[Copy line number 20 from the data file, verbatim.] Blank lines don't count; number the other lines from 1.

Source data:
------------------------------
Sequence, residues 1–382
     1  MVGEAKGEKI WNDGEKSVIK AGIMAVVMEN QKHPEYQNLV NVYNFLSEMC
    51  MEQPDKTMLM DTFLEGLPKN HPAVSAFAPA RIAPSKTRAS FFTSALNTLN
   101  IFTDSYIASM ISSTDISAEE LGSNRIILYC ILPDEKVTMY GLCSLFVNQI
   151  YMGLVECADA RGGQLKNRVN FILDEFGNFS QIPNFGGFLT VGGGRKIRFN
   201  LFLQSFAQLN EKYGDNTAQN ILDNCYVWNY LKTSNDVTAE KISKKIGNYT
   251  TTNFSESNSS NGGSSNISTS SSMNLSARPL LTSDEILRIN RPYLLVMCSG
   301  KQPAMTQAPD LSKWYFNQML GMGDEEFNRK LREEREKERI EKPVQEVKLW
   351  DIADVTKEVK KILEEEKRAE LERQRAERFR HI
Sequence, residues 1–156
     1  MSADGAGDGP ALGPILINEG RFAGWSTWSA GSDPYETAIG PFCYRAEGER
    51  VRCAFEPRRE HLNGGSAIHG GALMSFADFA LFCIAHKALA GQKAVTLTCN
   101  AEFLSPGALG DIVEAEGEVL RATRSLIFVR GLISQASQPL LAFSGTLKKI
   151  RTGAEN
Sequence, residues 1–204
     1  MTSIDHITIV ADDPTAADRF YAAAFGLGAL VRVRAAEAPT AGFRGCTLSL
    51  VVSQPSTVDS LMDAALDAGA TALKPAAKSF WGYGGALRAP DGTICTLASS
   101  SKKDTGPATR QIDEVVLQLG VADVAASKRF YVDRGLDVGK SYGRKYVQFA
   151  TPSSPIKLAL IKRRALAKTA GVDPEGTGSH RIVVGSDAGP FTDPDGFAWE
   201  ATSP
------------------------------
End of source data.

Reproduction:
   201  ATSP